The 2020 election taught us an important lesson: the first results you see after the polls close on Election Night can be very different than the final outcome once all the votes are tallied, a process that can stretch on for days.
In some states, Republicans jumped out to an early lead in 2020, only to get swamped as Democratic-leaning mail ballots were counted, a phenomenon dubbed the “blue shift” or “red mirage.” But in other states, Republicans gained as the vote-count filled in over several days, buoyed by redder batches of votes.
These shifts are bound to happen again Tuesday, as results trickle in from key midterm races.
This happens because of varying state-by-state rules for how people can vote, how and when election officials tally the votes, and how often new results are posted. It’s also exacerbated by recent trends in voter preferences, with Democrats much more likely to vote-by-mail or use ballot dropboxes, while Republicans disproportionally favor going to the polls in-person on Election Day.
These quirks of the US election system are normal and somewhat predictable. And they aren’t indicative of fraud or wrongdoing, despite what many prominent Republicans have falsely claimed.
When more people vote-by-mail or vote early, these “shifts” or “mirages” can become even more exaggerated. And this year has already seen tens of millions of ballots cast before Election Day.
Here’s a breakdown of the shifts we might see in six battleground states – featuring critical races that will decide Senate control. President Joe Biden flipped five of these six states in 2020, and they all saw prolonged vote-counts. But a note of caution: Nothing is set in stone. These aren’t predictions, they’re guideposts.
Arizona is one of the most important states this cycle. There are competitive races for Senate, governor and downballot statewide offices, including for attorney general and secretary of state. In all four contests, the Republican nominee has promoted the debunked conspiracy that the 2020 election was illegitimate.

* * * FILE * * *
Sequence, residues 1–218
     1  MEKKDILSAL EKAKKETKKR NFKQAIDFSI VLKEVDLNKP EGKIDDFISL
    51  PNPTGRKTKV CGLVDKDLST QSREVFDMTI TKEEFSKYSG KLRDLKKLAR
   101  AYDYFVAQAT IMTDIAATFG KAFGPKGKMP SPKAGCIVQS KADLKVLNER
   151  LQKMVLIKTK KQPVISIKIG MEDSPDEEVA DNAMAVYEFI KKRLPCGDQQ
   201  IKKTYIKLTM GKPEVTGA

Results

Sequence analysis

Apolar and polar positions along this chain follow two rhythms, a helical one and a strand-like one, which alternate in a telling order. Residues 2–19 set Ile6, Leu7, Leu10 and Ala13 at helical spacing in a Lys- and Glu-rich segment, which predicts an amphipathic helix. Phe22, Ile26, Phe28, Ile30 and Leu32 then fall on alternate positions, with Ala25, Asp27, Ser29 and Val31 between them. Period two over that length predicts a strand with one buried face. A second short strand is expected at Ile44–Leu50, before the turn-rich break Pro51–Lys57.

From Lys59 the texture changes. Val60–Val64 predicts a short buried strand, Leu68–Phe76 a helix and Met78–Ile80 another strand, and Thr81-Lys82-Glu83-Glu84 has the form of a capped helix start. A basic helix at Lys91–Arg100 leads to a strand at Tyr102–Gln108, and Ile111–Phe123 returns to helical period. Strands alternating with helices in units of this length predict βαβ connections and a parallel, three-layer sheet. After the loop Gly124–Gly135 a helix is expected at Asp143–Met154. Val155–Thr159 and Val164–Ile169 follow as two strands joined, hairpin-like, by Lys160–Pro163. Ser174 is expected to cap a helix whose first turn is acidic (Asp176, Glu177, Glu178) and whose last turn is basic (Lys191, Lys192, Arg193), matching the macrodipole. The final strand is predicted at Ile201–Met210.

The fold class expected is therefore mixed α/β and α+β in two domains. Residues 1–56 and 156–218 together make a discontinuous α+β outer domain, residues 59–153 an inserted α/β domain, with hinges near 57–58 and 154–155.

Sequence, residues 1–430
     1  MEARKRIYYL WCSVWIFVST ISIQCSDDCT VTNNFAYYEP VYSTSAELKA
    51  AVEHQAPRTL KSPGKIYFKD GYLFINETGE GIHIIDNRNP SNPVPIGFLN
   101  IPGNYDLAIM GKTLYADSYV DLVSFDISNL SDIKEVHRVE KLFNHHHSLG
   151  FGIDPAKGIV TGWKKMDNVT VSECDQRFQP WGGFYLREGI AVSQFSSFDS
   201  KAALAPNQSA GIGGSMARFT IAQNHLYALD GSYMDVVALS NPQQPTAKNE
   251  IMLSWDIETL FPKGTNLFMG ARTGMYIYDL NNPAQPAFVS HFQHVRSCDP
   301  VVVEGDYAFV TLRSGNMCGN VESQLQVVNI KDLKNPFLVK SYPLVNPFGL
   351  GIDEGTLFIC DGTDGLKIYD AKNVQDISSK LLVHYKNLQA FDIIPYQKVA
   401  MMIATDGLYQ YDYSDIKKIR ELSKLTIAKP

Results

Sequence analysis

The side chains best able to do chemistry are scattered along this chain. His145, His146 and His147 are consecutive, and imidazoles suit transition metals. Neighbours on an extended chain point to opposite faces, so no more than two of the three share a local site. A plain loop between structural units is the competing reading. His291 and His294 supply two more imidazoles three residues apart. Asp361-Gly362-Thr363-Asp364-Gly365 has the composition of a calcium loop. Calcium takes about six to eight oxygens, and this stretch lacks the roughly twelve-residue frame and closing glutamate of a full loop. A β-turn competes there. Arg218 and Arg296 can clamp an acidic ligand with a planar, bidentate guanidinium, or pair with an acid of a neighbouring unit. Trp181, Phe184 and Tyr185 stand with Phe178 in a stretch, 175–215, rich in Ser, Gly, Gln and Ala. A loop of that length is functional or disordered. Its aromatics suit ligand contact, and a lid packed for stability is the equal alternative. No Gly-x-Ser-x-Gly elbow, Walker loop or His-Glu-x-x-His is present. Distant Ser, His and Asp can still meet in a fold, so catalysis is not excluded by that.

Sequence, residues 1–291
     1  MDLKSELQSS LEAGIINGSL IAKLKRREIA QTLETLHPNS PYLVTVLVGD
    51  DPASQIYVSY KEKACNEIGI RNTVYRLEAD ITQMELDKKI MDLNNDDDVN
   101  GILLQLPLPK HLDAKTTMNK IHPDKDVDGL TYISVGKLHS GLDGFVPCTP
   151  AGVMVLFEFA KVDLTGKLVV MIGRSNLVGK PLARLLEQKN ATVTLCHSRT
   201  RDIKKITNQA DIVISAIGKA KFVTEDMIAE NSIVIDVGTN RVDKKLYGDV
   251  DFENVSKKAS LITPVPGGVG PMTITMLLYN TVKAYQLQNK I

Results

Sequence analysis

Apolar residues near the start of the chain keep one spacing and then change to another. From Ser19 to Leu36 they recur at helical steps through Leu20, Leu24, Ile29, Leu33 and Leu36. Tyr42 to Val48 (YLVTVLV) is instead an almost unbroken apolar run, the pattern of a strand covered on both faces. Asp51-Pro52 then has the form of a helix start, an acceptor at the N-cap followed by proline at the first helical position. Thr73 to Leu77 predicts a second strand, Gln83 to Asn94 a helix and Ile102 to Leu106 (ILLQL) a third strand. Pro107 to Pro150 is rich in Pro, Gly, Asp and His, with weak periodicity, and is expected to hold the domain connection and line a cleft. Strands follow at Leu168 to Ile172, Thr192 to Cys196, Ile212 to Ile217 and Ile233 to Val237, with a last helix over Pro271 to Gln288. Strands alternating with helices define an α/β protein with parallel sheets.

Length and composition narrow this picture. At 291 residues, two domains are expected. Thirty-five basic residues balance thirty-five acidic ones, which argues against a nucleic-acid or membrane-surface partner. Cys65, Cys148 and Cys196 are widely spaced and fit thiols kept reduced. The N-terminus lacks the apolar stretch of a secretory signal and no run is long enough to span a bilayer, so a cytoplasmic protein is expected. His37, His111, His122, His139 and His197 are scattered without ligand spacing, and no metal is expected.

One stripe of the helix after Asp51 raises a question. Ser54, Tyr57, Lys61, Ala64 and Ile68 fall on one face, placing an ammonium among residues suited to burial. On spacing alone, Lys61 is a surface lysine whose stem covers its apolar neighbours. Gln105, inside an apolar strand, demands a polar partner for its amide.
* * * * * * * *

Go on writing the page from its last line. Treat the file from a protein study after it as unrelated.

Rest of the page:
A blue-to-red shift could play out in Arizona, in part because election officials can start processing mail ballots as soon as they are received. This is an arduous process – election workers spend days opening envelopes, verifying signatures, and piling stacks of ballots for easy tabulation. (They can do this prep ahead of time, and start counting early, but the results aren’t released until Election Day.)
There was a clear “red shift” in Arizona in 2020. Former President Donald Trump gained ground as more batches of votes were tallied after Election Night, but Trump never overtook Biden, who carried the state by roughly 10,000 ballots, or just about 0.3% of the vote.
The Grand Canyon State has a long and bipartisan history of mail-in voting. But that trend started changing in 2020, with some Republicans eschewing the method because of Trump’s false claims of fraud. Now, mail-in voting is more popular among Democrats, making the early results look “bluer.”
The first reported results on Election Night generally reflect the earliest mail ballots that were cast, disproportionally coming from Democrats who are more enthusiastic about postal voting. Later waves of results will come from in-person polling places or mail ballots that arrived on Election Day – which will likely skew Republican, as they did in 2020.
But these “shifts” can be unpredictable. In 2018, the later waves of results helped Democrat Kyrsten Sinema beat incumbent GOP Sen. Martha McSally. The race was called six days after Election Day.
A “red mirage’ is expected in Pennsylvania, where there are marquee races for Senate and governor.
This played out in dramatic fashion in 2020. Trump was ahead by nearly 700,000 votes on Election Night, but over four painstaking days, his lead evaporated as mail-in votes were tallied in the major population centers of Philadelphia and Pittsburgh. Biden won the Keystone State by about 81,000 votes, and his projected victory there, on the Saturday after Election Day, was when he clinched the White House.
There was such an extreme shift because, among other reasons, election workers in Pennsylvania can’t start processing mail-in ballots until Election Day. State Democrats have tried for years to relax these rules, which would lead to faster results on Election Night. The GOP-controlled legislature passed a bill last year making this tweak, but it was vetoed by Pennsylvania’s Democratic governor because it also scaled back mail-in voting and imposed voter ID requirements.
However, there is a new state policy that incentivizes so-called “marathon counting.”